alexa The Role Of The Pharmacist In Decreasing Discharge Medication Discrepancies: A Prospective Observational Study
ISSN: 2167-0870

Journal of Clinical Trials
Open Access

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6th World Pharmacists and Clinical Pharmacy Annual Congress
May 22-23, 2017 Chicago, USA

Taghrid Shehteh Abu Hassan, Sumaya Al Yafei, Radwa M Hussein, Sahar Nasser, Ahmed Basha, Hafedh Ghazouani and Shereen Elazzazy
Hamad Medical Corporation, Qatar
ScientificTracks Abstracts: J Clin Trials
DOI: 10.4172/2167-0870-C1-013
Medication reconciliation is a major intervention which reduces medication discrepancies and subsequent patient harm at different patients’ care transitions. Data on the incidence of the unintended medications discrepancies ranges from 40-50% upon admission to acute care hospitals and 40% upon discharges. Outpatient pharmacist play a lead role in detecting medication related problems; this urges the need to translate their qualitative values into quantitative measures. Primary objective of this study is to investigate the impact of outpatient pharmacists’ interventions during discharge reconciliation in reducing medication errors and discrepancies. Secondary objective is to detect the most common medication related problems. A prospective observational study was conducted at a 62-bed tertiary care (National Centre for Cancer Care & Research) in Qatar. All discharged patients were included in the study over duration of 10 months. Patients who were discharged from the chemotherapy infusion unit were excluded. A standardized intervention form was generated to document interventions. Collected data were categorized into medication error or medication discrepancy. Statistical analysis included exploratory analysis and descriptive statistics using STATISTICA 11.0 Version. Total of 591 discharge prescriptions included, 278 (47%) required pharmacist interventions; with 190 medication discrepancies and 122 medication errors. The most common medication related problems were incomplete orders (34%) and prescribing restricted medication without privilege (29%). Outpatient pharmacists have a significant role towards detecting and reducing medication errors and discrepancies upon patient discharge. However, despite their effective interventions, most of these medications related problems are preventable. An improved quality process and awareness can create an efficient medication safety environment.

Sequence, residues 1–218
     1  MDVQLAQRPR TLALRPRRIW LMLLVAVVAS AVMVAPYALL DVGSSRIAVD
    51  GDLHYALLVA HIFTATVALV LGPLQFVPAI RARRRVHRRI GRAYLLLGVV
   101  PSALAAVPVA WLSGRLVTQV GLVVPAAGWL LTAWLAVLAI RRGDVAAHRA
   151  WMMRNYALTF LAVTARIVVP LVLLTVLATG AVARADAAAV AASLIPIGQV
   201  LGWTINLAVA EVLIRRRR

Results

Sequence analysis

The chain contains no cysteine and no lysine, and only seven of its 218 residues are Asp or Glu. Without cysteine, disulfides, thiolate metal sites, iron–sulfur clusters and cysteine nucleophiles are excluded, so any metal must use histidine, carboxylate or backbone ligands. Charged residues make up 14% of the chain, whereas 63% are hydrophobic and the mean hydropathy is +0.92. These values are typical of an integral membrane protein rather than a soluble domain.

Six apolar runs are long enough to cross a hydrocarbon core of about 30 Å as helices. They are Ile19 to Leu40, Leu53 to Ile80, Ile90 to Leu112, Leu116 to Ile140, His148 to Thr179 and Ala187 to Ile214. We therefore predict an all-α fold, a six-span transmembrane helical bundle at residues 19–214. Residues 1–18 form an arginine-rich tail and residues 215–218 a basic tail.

Taghrid Shehteh Abu Hassan has completed her Bachelor’s degree of Pharmaceutical Science at Philadelphia University, Jerash, Jordan in 2003 and completed her Master’s degree in Clinical Pharmacy at Queen's University, Belfast, UK in 2014. She has experience in hematology/oncology hospital pharmacy, pharmacy management, aseptic pharmaceutical preparation, inpatient and ambulatory setting. Currently she provides care as the Senior Pharmacist for Unit Dose/Inpatient Pharmacy Unit at National Center for Cancer Care and Research, Qatar. She is a Preceptor for Qatar University students

Email: [email protected]

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